Tuesday, November 1, 2011
Traditions and festivals in November in the West include All Saints Day, All Souls Day, Mischief Night, Bonfire Night, Rememberence Day and Stir Up Sunday The name comes from the Roman word 'novem' meaning nine, because it was the ninth month in their Roman calendar. Few people find November pleasant. The Anglo-Saxons called November 'Wind monath', because it was the time when the cold winds began to blow. They also called it 'Blod monath', because it was the time when cattle were slaughtered for winter food. The poet T.S. Elliot called it 'Sombre November'.
Sir Walter Scott, in his long poem Marmion, wrote in 1808:
November's sky is chill and drear, November's leaf is red and sear (withered)'
The first week of November has always been a time of festivals and celebrations marking the end of the harvest and beginning of Winter.
In the year 835 AD the Roman Catholic Church made 1st November a church holiday to honour all the saints. This feast day is called All Saints' Day.
All Saints' Day used to be known as All Hallows (Hallow being an old word meaning Saint or Holy Person). The feast day actually started the previous evening, the Eve of All Hallows or Hallowe'en.
Christians remember all the saints
On Saints' Day, Christians remember all 'men of good will' (saints), great ones and forgotten ones, who have died through the ages.
Saints are men and women from all ages and all walks of life, who were outstanding Christians. Some - the martyrs - died for their faith. All of them are honoured by the church.
All Saints' Day, together with All Souls' Day are know collectively as Hallowtide.
All Souls' Day - 2 November
On All Souls' Day the Roman Catholic Church remembers all those who have died - not just the great and the good, but ordinary man-in-the-street. Families visit graves with bunches of flowers and in church the names of the dead may be read out on request. In some parts of the country, All Souls' Day ends with a play or some songs.
All Souls Day Tradition
According to tradition, a pilgrim returning from the Holy Land took refuge on a rocky island during a storm. There he met a hermit, who told him that among the cliffs was an opening to the infernal regions through which flames ascended, and where the groans of the tormented were distinctly audible. The pilgrim told Odilo, Abbot of Cluny, who appointed the following day (2 November 998) to be set apart for 'all the dead who have existed from the beginning of the world to the end of time'. The day purposely follows All Saints' Day in order to shift the focus from those in heaven to those in purgatory.
Before the Reformation, it was customary for poor Christians to offer prayers for the dead, in return for money or food (soul cakes), from their wealthier neighbours.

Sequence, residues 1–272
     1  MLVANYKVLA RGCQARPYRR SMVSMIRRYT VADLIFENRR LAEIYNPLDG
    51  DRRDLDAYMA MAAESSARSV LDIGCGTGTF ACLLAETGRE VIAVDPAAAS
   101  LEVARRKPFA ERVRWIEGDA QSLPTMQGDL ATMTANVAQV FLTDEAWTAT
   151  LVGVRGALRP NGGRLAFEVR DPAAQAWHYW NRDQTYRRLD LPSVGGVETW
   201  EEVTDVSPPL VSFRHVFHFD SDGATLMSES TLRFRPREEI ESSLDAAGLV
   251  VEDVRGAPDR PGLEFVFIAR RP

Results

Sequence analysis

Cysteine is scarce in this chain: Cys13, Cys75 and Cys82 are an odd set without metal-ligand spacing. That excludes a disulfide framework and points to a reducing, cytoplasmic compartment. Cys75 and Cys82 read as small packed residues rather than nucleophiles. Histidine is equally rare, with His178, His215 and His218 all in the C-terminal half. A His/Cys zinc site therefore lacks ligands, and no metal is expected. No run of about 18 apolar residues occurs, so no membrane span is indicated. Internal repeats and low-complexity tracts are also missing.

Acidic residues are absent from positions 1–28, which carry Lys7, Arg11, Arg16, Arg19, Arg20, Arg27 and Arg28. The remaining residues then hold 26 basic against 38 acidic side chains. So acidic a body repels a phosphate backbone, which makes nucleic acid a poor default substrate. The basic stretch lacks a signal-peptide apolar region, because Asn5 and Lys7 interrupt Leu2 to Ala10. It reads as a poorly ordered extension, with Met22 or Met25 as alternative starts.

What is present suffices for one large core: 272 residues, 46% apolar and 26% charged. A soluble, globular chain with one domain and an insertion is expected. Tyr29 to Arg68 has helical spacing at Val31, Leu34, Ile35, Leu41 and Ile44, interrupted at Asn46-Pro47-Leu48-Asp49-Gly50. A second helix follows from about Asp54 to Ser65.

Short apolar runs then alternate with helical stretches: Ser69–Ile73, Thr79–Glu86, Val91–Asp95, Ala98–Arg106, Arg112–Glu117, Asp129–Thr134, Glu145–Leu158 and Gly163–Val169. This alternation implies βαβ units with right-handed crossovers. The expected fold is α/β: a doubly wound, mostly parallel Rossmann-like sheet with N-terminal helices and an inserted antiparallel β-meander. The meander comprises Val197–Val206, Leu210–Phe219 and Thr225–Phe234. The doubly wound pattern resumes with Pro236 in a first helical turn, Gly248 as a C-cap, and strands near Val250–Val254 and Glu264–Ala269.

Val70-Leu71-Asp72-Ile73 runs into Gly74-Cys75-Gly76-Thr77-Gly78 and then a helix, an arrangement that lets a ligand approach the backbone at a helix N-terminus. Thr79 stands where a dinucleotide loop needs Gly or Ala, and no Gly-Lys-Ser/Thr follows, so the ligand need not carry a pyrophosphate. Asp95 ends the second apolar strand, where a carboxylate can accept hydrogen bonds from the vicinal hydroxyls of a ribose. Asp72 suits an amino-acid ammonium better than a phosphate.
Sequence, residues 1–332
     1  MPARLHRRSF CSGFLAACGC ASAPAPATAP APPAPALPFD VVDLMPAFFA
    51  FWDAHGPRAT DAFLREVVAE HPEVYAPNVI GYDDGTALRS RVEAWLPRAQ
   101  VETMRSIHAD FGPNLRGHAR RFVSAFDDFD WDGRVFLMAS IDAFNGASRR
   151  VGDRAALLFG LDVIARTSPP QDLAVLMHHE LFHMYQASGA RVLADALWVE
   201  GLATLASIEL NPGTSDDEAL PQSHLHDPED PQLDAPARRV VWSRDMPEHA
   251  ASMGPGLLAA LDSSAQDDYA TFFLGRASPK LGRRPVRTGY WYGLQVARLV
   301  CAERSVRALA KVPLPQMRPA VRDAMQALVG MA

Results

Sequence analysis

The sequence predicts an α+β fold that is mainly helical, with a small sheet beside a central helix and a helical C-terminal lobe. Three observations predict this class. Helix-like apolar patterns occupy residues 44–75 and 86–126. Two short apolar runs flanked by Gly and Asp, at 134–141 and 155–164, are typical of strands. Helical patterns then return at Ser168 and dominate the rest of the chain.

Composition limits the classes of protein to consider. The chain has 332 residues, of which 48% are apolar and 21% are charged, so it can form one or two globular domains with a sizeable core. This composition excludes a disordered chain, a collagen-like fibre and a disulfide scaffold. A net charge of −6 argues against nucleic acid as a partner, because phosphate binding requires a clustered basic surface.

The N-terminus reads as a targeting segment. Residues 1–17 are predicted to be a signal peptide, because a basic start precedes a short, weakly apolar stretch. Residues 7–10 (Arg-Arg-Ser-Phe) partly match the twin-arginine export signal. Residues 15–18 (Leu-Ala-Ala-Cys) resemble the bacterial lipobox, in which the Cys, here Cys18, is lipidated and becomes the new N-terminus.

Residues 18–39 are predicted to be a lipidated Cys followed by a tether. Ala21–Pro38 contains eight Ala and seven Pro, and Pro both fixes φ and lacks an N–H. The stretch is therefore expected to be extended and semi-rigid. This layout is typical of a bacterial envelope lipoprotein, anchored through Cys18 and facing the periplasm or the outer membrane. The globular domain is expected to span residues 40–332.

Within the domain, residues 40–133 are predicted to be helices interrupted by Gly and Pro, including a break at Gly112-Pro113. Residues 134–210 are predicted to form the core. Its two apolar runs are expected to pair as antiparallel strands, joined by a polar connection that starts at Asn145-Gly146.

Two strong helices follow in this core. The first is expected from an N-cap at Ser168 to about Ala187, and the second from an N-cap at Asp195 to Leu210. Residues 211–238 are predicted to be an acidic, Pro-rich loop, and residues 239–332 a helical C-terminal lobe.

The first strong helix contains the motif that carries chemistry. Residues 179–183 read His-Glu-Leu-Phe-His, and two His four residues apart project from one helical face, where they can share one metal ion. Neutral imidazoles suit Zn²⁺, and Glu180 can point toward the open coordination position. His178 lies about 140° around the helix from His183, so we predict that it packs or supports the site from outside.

During the 19th and 20th centuries children would go 'souling' - rather like carol singing - requesting alms or soul cakes:
A soul, a soul, a soul cake.
Please good missus a soul cake.
An apple, a pear, a plum or a cherry,
Any good thing to make us merry.
Up with your kettles and down with your pans
Give us an answer and we'll be gone
Little Jack, Jack sat on his gate
Crying for butter to butter his cake
One for St. Peter, two for St. Paul,
Three for the man who made us all.
The 'Soulers' would go around the houses singing this song and often joined by their old friend, the hobby horse - only at this time of the year, he is called the Hooden Horse.
What is a Soul Cake?
A Soul Cake is like a hot cross bun but without the currants or the cross on top
Soul Cake Recipe
175 Gram Butter, softened (6 oz)
175 Gram Caster sugar (6 oz)
3 Egg yolks
450 Gram Plain flour (1 lb)
1 Teaspoon Ground mixed spice, or ground allspice
Oven: 180 °C / 350 °F / Gas 4. bake 20-25 minutes.
Cream the butter and sugar together in a bowl until fluffy, then beat in the egg yolks. Sift flour and spices, add and mix to a stiff dough. Knead thoroughly and roll out, 1/4 inch thick; cut into 3 inch rounds and set on greased baking sheets. Prick cakes with a fork and bake; sprinkle lightly with powdered sugar while still warm.
All Souls' Day Superstition
It was believed that All Souls' night when the dead revisited their homes, so lit candles were left out to guide them and meals and wine were left as refreshment.
The 4th November is called Mischief Night in some parts of the country. This was the night when all sorts of naughty things were done - the main idea being to put things in the wrong place.
In north-east Derbyshire and south Yorkshire villages, children would engage in a bout of Jolly Minering. A local variant on Penny for a Guy traditions, the aim was to raise money for sweets and fireworks. Their alms song started like this:
We're three Jolly Miners, and we're not worth a pin,
So give us a piece of coal and we'll make the kettle sing.
The song itself comes from an earlier time when the aim of the activity was to gather coal, either for the 'bonfire hole', or simply to light fire to cook and 'make the kettle sing'.
Guy Fawkes Night (Bonfire Night) (5 th)
Bonfire Night is the most widespread and flourishing of all British customs. The day was declared a holiday by decree of Parliament after Parliament was saved from being blown up by Guy Fawkes in the Gunpowder Plot of 1605. Until 1859, all parish churches were required to hold services this day. Unlike today, celebrations were heard throughout the day, with bells ringing, cannons firing and beer flowing.
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